Suicide and Suicide Awareness

Written on 11/15/2022
Sophie Kirk

For many of us suicide is something we very much hope we will never have to think about or deal with. Unfortunately, however, the number of suicides which happen each year continues to increase and, hence, with this alarming statistic suicide awareness and its prevention is something we should all pay attention to.


Suicide and Gender

Statistically men are more likely to commit suicide than women. According to the Mental Health Foundation , of the approximate 6000 suicides that occur each year in England and Wales, three-quarters are among men. This disproportion has been similar since the mid-1990s. For England, data collected by The Samaritans in 2020, suggests males aged 45-49 have the highest suicide rate (23.8 per 100,000)

Male or female, this still leave 6000 individuals feeling suicide is the only option, as well as those who attempt suicide or have serious suicidal thoughts – data of which is difficult to reflect accurately.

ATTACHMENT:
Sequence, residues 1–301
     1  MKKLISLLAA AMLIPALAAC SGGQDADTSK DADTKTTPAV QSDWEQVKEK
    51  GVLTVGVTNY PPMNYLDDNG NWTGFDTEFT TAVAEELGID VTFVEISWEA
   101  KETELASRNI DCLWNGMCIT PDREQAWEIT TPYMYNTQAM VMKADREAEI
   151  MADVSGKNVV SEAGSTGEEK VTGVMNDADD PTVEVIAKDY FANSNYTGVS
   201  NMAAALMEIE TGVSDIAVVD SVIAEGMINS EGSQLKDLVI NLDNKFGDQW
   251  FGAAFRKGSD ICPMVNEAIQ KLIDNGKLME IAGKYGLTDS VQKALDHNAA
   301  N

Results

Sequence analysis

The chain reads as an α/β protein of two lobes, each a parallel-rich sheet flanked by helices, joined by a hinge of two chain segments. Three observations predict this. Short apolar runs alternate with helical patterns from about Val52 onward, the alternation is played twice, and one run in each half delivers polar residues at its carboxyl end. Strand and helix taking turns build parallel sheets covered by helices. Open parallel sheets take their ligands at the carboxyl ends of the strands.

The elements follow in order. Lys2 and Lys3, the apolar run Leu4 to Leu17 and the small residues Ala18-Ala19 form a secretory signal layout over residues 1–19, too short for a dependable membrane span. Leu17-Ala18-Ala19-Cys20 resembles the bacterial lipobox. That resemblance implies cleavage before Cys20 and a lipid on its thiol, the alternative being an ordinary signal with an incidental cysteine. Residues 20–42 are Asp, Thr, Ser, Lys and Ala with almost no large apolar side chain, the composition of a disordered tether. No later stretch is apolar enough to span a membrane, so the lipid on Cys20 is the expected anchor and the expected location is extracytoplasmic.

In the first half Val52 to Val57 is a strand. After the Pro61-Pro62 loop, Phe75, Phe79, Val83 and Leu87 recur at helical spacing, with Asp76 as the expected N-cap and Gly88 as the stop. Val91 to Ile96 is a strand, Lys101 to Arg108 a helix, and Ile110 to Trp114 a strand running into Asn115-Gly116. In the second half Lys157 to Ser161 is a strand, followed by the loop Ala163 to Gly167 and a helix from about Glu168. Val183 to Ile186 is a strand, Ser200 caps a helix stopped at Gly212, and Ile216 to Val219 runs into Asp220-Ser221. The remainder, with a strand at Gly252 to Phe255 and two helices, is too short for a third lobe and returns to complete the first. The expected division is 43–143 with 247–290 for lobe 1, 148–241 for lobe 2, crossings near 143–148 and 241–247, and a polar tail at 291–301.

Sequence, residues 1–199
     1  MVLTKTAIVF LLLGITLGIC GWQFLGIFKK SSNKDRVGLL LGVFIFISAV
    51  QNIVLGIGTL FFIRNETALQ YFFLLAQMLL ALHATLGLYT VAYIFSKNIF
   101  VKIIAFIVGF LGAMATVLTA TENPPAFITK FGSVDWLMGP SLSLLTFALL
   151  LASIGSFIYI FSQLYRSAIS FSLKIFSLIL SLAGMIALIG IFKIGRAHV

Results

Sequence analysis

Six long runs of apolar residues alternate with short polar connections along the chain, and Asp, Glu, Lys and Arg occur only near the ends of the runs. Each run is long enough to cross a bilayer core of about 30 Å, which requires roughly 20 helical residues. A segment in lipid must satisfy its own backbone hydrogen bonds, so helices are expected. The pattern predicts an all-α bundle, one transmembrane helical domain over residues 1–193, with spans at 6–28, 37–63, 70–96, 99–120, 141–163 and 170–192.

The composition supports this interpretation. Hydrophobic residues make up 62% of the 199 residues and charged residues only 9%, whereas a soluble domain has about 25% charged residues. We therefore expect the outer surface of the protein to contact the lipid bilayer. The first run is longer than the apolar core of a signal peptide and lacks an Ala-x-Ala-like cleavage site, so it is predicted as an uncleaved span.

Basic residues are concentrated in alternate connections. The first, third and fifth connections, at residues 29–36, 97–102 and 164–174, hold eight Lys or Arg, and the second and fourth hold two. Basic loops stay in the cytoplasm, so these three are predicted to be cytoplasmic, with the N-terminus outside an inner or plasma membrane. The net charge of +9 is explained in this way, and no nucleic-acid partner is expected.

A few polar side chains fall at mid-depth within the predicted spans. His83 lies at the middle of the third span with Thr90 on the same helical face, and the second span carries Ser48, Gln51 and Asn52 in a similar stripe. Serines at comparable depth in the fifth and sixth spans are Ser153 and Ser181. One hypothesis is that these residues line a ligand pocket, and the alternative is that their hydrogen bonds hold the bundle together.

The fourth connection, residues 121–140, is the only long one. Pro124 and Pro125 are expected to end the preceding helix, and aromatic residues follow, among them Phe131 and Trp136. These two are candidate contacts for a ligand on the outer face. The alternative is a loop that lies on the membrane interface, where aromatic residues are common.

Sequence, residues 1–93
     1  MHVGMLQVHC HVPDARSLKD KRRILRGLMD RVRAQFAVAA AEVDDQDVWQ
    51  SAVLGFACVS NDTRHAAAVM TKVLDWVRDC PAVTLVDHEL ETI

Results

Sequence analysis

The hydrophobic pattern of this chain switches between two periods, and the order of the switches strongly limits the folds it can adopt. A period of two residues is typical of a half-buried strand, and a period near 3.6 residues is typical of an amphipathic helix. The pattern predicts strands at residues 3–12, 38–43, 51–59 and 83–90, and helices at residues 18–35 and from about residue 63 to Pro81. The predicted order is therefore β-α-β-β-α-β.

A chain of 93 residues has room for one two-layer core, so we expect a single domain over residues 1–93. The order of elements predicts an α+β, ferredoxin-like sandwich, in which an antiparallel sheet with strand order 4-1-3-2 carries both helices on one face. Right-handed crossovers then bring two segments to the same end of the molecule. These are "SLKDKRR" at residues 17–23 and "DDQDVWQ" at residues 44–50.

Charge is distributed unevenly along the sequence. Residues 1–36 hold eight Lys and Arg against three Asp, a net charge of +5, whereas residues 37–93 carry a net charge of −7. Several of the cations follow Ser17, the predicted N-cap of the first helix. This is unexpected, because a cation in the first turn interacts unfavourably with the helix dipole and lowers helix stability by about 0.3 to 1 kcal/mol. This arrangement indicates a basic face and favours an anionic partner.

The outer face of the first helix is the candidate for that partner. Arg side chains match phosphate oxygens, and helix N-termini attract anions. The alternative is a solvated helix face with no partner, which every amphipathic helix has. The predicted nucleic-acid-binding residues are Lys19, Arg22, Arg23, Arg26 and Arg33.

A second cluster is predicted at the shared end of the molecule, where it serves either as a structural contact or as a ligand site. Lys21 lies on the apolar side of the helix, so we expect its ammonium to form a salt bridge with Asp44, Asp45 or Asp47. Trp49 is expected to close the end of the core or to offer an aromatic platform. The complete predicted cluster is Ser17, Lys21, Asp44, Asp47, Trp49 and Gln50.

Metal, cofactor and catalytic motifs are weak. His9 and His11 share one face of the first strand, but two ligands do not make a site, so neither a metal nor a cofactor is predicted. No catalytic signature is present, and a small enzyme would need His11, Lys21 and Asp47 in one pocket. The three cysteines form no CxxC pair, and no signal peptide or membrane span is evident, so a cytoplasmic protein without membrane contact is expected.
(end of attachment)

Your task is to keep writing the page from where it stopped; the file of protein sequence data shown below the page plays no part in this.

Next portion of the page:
The importance of suicide awareness

The statistics continue to make for frightening reading, and it once again confirms why the work of raising awareness as well as improving the mental health education and access to wellbeing resources continues to be vital – especially here at The Holistic Healthcare Group.

World Suicide Prevention Day is an awareness day observed on 10th September every year – led by the International Association for Suicide Prevention . The role of the awareness day is not just to make people sit up and understand suicide rates but to give people the understanding, education and confidence to provide support and help to those who may be suffering.

See also this helpful resource from the CIPD, entitled Responding to Suicide Risk in the Workplace .


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